Martin Shkreli has bail revoked in securities fraud case, heads to jail

Martin Shkreli

Federal prosecutors want a judge to revoke bail for Martin Shkreli after he offered money to anyone who could grab Hillary Clinton's hair.

"I understand now, that some may have read my comments about Mrs. Clinton as threatening, when that was never my intention when making those comments", Shkreli wrote in the letter. Shkreli offered his Facebook followers $5,000 to grab a strand of Hillary Clinton's hair during her book tour, prompting the Secret Service to seek an interview with him. He is scheduled to attend a hearing Wednesday afternoon on a request by prosecutors to revoke his bail because of what he said about Clinton.

Shkreli, who was found guilty on two counts of securities fraud, caught the Secret Service's attention after he wrote a Facebook post last week that read: "The Clinton Foundation is willing to KILL to protect its secrets".

USA prosecutors had moved to jail Shkreli last Thursday.

Matsumoto, during Shkreli's trial this summer, imposed a virtual gag order on him that barred him from talking about the case in public around the courthouse after he gave an impromptu press conference to reporters and called prosecutors in the case the "junior varsity".

Shkreli has said he feels "exonerated" despite his conviction and thinks there's a "50-50 chance" he won't face any punishment. To the contrary, within minutes of posting my remarks about Mrs. Clinton's hair, I posted quite clearly that I was absolutely "not" encouraging anyone to assault anyone.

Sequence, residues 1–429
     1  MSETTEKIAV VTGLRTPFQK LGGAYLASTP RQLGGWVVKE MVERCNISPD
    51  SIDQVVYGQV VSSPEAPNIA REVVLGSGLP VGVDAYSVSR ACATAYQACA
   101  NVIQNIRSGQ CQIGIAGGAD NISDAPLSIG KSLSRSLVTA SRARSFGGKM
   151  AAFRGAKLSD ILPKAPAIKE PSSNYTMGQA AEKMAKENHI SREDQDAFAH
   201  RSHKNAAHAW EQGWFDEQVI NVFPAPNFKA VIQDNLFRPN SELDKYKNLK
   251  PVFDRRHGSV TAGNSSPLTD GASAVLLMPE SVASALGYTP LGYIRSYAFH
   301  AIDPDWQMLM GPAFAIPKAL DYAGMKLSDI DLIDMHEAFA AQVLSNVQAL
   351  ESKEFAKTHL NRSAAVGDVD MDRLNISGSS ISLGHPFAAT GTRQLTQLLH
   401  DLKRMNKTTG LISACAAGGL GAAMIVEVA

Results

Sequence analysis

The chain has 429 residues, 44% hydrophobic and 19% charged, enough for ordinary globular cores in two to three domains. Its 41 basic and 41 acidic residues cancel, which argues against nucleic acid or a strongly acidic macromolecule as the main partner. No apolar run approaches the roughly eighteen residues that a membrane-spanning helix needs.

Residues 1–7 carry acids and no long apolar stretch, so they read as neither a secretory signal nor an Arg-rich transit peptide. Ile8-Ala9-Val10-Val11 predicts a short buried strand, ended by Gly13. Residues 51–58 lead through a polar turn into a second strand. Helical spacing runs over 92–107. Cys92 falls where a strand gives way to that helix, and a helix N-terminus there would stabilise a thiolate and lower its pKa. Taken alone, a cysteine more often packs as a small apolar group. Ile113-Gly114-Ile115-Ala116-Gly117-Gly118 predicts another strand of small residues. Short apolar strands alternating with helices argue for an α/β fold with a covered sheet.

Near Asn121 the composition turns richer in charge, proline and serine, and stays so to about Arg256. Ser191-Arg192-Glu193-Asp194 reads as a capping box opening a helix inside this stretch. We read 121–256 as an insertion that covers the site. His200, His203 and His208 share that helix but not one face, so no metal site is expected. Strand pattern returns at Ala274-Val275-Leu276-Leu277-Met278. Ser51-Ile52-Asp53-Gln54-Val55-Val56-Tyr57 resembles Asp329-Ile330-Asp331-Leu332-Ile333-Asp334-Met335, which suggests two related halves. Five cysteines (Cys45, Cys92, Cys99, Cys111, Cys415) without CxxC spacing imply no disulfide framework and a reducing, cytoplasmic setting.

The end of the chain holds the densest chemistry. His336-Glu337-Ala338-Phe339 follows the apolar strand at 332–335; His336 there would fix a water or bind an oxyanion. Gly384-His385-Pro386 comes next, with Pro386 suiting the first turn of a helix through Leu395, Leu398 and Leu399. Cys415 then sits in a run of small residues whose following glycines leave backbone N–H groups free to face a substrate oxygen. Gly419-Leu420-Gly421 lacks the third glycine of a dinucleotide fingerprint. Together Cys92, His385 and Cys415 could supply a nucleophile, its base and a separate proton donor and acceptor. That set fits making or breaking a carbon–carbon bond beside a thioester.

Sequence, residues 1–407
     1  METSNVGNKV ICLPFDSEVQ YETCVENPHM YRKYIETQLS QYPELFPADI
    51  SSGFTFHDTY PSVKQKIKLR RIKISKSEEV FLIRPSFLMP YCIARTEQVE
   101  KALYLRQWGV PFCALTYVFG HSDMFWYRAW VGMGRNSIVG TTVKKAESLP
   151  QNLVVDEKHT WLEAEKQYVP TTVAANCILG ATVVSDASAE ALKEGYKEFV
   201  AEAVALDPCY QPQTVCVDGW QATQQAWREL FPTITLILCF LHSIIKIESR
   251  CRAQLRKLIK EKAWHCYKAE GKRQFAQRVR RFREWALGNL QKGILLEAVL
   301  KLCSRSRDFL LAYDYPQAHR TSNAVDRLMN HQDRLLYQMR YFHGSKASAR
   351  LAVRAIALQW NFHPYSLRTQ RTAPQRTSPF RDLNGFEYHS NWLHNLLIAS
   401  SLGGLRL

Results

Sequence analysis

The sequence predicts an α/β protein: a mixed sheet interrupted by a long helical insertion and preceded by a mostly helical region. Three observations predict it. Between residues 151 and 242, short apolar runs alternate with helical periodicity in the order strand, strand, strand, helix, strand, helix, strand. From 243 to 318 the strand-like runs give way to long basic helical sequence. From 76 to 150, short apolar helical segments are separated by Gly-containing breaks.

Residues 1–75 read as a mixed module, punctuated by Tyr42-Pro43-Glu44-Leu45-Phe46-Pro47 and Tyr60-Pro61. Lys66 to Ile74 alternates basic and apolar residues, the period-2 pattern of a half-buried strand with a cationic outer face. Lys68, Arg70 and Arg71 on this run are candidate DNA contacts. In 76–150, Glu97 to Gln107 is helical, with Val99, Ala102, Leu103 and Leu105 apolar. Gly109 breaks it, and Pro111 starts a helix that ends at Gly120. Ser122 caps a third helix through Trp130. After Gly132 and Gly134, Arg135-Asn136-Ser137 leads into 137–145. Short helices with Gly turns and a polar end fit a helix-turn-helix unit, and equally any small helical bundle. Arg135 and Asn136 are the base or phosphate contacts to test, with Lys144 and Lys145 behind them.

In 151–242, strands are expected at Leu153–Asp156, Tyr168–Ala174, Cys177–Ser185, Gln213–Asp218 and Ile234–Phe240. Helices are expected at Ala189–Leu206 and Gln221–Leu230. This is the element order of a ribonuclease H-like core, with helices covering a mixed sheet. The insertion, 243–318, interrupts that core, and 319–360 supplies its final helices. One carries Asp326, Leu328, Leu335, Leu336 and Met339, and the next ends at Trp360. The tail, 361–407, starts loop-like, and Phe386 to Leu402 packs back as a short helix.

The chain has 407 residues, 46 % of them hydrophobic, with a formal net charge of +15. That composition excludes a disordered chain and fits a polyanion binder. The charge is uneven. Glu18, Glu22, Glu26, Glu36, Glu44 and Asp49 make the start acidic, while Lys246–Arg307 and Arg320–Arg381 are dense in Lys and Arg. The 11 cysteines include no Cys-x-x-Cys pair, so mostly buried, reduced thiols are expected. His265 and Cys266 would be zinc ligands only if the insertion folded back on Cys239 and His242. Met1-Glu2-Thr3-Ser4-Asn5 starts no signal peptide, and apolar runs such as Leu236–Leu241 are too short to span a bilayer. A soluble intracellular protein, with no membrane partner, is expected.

His lawyer, Benjamin Brafman, said that a distinction should be made between crude satire and bona fide threats or harassment.

Shkreli, who has yet to be sentenced, apologized to Matsumoto in writing Tuesday and his attorneys argued that his comments, while distasteful, did not make him unsafe. The price gouging actually had nothing to do with Shkreli's federal charges and subsequent convictions, which centered on a separate company run by the hedge funder-turned-biotech executive. His sentencing is set for January 16.

Brafman said that Shkreli should not be jailed because he "never intended any harm or violence".

"Shkreli's own prior actions, and his influence over others who have previously acted in reliance of his statements, demonstrate why the government view his latest actions with concern", prosecutors told the court.

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